22. R. M. Levenson, D. T. Lynch, H. Kobayashi, J. M. Backer, and M. V. Backer, “Multiplexing with multispectral imaging: from mice to microscopy,” ILAR J. 49, 78–88 (2008). [CrossRef]  

23. A. Hennessy, K. Clarke, and M. Lewis, “Hyperspectral classification of plants: a review of waveband selection generalisability,” Remote Sens. 12, 113 (2020). [CrossRef]  

24. P.-J. Lapray, X. Wang, J.-B. Thomas, and P. Gouton, “Multispectral filter arrays: recent advances and practical implementation,” Sensors 14, 21626–21659 (2014). [CrossRef]  

25. S. Mihoubi, O. Losson, B. Mathon, and L. Macaire, “Multispectral demosaicing using pseudo-panchromatic image,” IEEE Trans. Comput. Imaging 3, 982–995 (2017). [CrossRef]  

26. Z. Wang and Z. Yu, “Spectral analysis based on compressive sensing in nanophotonic structures,” Opt. Express 22, 25608–25614 (2014). [CrossRef]  

27. Z. Wang, S. Yi, A. Chen, M. Zhou, T. S. Luk, A. James, J. Nogan, W. Ross, G. Joe, A. Shahsafi, K. X. Wang, M. A. Kats, and Z. Yu, “Single-shot on-chip spectral sensors based on photonic crystal slabs,” Nat. Commun. 10, 1020 (2019). [CrossRef]  

28. M. E. Gehm, R. John, D. J. Brady, R. M. Willett, and T. J. Schulz, “Single-shot compressive spectral imaging with a dual-disperser architecture,” Opt. Express 15, 14013–14027 (2007). [CrossRef]  

29. X. Lin, Y. Liu, J. Wu, and Q. Dai, “Spatial-spectral encoded compressive hyperspectral imaging,” ACM Trans. Graphics 33, 233 (2014). [CrossRef]  

30. X. Cao, T. Yue, X. Lin, S. Lin, X. Yuan, Q. Dai, L. Carin, and D. J. Brady, “Computational snapshot multispectral cameras: toward dynamic capture of the spectral world,” IEEE Signal Process. Mag. 33, 95–108 (2016). [CrossRef]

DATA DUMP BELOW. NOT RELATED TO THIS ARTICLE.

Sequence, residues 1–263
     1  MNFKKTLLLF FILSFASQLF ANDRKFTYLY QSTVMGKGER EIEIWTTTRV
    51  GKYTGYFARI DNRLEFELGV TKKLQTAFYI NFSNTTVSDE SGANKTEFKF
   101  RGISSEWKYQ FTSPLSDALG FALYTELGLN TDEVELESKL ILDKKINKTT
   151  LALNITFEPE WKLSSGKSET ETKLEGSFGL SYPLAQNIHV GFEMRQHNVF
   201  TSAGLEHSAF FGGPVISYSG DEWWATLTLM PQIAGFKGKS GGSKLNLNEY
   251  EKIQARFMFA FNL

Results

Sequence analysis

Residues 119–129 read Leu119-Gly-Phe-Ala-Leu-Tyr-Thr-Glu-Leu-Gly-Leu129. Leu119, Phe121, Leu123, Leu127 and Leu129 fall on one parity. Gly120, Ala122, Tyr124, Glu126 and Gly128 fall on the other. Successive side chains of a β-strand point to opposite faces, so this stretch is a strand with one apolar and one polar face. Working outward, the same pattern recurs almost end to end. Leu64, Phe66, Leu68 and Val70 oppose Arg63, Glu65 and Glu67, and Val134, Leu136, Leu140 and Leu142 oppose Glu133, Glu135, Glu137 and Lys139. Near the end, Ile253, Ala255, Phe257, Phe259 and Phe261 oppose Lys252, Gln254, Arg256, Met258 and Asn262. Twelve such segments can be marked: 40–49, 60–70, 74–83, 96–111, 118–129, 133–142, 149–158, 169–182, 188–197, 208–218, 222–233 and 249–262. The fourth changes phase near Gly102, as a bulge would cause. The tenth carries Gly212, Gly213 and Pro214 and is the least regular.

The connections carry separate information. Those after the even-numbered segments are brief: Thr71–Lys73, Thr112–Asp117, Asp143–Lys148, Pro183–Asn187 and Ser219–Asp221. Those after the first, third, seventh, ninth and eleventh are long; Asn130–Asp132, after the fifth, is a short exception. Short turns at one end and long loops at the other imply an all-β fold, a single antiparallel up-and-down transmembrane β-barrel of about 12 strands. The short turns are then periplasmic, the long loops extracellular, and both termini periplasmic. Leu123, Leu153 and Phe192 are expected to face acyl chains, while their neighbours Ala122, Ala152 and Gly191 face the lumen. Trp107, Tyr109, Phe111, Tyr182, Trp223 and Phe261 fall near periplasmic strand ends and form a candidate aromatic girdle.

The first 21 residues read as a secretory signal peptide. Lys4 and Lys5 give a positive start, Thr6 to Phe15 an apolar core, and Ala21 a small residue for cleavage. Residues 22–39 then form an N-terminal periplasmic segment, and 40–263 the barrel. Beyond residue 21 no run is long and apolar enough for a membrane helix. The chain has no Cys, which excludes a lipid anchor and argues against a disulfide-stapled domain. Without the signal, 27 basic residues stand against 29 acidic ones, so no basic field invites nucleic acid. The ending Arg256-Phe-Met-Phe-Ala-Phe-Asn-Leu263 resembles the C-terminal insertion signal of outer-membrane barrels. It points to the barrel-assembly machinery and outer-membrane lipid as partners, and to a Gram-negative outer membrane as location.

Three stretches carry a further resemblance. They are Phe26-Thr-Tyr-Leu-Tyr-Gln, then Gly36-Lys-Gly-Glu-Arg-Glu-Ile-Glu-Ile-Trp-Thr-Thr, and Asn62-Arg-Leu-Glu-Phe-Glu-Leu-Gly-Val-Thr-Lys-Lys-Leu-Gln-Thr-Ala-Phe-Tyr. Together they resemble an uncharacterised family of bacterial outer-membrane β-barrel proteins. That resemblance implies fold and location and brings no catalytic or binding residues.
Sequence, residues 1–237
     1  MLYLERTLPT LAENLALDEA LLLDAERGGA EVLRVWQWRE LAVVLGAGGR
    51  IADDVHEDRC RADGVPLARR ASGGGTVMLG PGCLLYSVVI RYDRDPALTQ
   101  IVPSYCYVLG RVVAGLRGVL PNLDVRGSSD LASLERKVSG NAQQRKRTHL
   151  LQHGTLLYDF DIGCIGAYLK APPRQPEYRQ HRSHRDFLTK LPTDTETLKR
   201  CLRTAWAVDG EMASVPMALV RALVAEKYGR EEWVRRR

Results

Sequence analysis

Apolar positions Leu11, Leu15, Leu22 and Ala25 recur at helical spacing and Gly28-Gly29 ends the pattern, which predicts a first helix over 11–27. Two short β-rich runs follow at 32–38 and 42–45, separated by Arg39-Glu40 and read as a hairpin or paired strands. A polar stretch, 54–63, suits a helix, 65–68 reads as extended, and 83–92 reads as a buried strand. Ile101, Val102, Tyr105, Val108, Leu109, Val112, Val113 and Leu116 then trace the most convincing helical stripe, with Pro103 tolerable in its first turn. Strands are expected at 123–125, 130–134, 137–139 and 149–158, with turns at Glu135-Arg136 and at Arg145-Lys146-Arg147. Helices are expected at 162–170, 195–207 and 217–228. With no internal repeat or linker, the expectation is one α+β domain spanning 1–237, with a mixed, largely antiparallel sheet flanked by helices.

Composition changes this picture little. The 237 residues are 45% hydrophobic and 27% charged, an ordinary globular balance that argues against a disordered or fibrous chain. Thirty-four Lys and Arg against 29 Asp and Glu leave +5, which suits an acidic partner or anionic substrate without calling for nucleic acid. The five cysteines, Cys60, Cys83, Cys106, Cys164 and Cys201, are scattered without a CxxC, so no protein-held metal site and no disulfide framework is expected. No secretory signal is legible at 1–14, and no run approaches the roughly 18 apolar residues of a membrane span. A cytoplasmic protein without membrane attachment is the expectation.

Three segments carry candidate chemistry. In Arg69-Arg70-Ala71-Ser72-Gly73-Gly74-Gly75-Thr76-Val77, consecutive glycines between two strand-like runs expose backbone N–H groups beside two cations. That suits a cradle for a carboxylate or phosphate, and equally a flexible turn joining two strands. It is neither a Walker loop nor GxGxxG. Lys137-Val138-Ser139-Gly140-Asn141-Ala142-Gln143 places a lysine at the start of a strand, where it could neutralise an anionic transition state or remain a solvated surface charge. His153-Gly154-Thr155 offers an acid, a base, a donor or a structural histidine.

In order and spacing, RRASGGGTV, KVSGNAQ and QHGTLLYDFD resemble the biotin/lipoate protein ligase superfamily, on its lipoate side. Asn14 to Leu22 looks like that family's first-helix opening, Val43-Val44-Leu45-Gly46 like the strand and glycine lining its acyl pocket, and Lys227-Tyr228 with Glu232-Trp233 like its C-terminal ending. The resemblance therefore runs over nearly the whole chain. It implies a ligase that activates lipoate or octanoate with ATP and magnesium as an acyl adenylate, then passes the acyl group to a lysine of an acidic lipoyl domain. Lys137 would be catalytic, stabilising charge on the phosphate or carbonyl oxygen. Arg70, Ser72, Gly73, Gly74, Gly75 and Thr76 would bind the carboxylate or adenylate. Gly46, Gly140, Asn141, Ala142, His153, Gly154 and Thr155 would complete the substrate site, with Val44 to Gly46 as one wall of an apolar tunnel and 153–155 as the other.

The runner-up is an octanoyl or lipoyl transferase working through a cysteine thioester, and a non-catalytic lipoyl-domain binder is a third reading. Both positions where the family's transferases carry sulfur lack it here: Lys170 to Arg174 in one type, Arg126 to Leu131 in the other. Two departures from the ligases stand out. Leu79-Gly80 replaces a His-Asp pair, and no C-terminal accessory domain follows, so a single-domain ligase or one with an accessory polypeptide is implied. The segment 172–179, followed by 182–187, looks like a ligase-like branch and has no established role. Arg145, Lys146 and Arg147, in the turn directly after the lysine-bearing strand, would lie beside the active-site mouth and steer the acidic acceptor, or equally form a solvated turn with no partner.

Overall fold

31. B. Redding, S. F. Liew, R. Sarma, and H. Cao, “Compact spectrometer based on a disordered photonic chip,” Nat. Photonics 7, 746–751 (2013). [CrossRef]  

32. M. Chakrabarti, M. L. Jakobsen, and S. G. Hanson, “Speckle-based spectrometer,” Opt. Lett. 40, 3264–3267 (2015). [CrossRef]  

33. S.-H. Baek, I. Kim, D. Gutierrez, and M. H. Kim, “Compact single-shot hyperspectral imaging using a prism,” ACM Trans. Graphics 36, 217 (2017). [CrossRef]  

34. M. A. Golub, A. Averbuch, M. Nathan, V. A. Zheludev, J. Hauser, S. Gurevitch, R. Malinsky, and A. Kagan, “Compressed sensing snapshot spectral imaging by a regular digital camera with an added optical diffuser,” Appl. Opt. 55, 432–443 (2016). [CrossRef]  

35. J. Hauser, M. A. Golub, A. Averbuch, M. Nathan, V. A. Zheludev, and M. Kagan, “Dual-camera snapshot spectral imaging with a pupil-domain optical diffuser and compressed sensing algorithms,” Appl. Opt. 59, 1058–1070 (2020). [CrossRef]  

36. M. S. Asif, A. Ayremlou, A. Sankaranarayanan, A. Veeraraghavan, and R. G. Baraniuk, “FlatCam: thin, lensless cameras using coded aperture and computation,” IEEE Trans. Comput. Imaging 3, 384–397 (2016). [CrossRef]  

37. G. Kuo, N. Antipa, R. Ng, and L. Waller, “Diffusercam: diffuser-based lensless cameras,” in Computational Optical Sensing and Imaging (Optical Society of America, 2017), paper CTu3B–2.

38. J. Tanida, T. Kumagai, K. Yamada, S. Miyatake, K. Ishida, T. Morimoto, N. Kondou, D. Miyazaki, and Y. Ichioka, “Thin observation module by bound optics (TOMBO): concept and experimental verification,” Appl. Opt. 40, 1806–1813 (2001). [CrossRef]  

39. J. Tanida, R. Shogenji, Y. Kitamura, K. Yamada, M. Miyamoto, and S. Miyatake, “Color imaging with an integrated compound imaging system,” Opt. Express 11, 2109–2117 (2003). [CrossRef]  

40. R. Fergus, A. Torralba, and W. T. Freeman, “Random lens imaging,” MIT CSAIL Technical Report 2006-058 (2006).

41. N. Antipa, P. Oare, E. Bostan, R. Ng, and L. Waller, “Video from stills: lensless imaging with rolling shutter,” in IEEE International Conference on Computational Photography (ICCP) (IEEE, 2019), pp. 1–8.

42. A. Beck and M. Teboulle, “A fast iterative shrinkage-thresholding algorithm for linear inverse problems,” SIAM J. Imaging Sci. 2, 183–202 (2009). [CrossRef]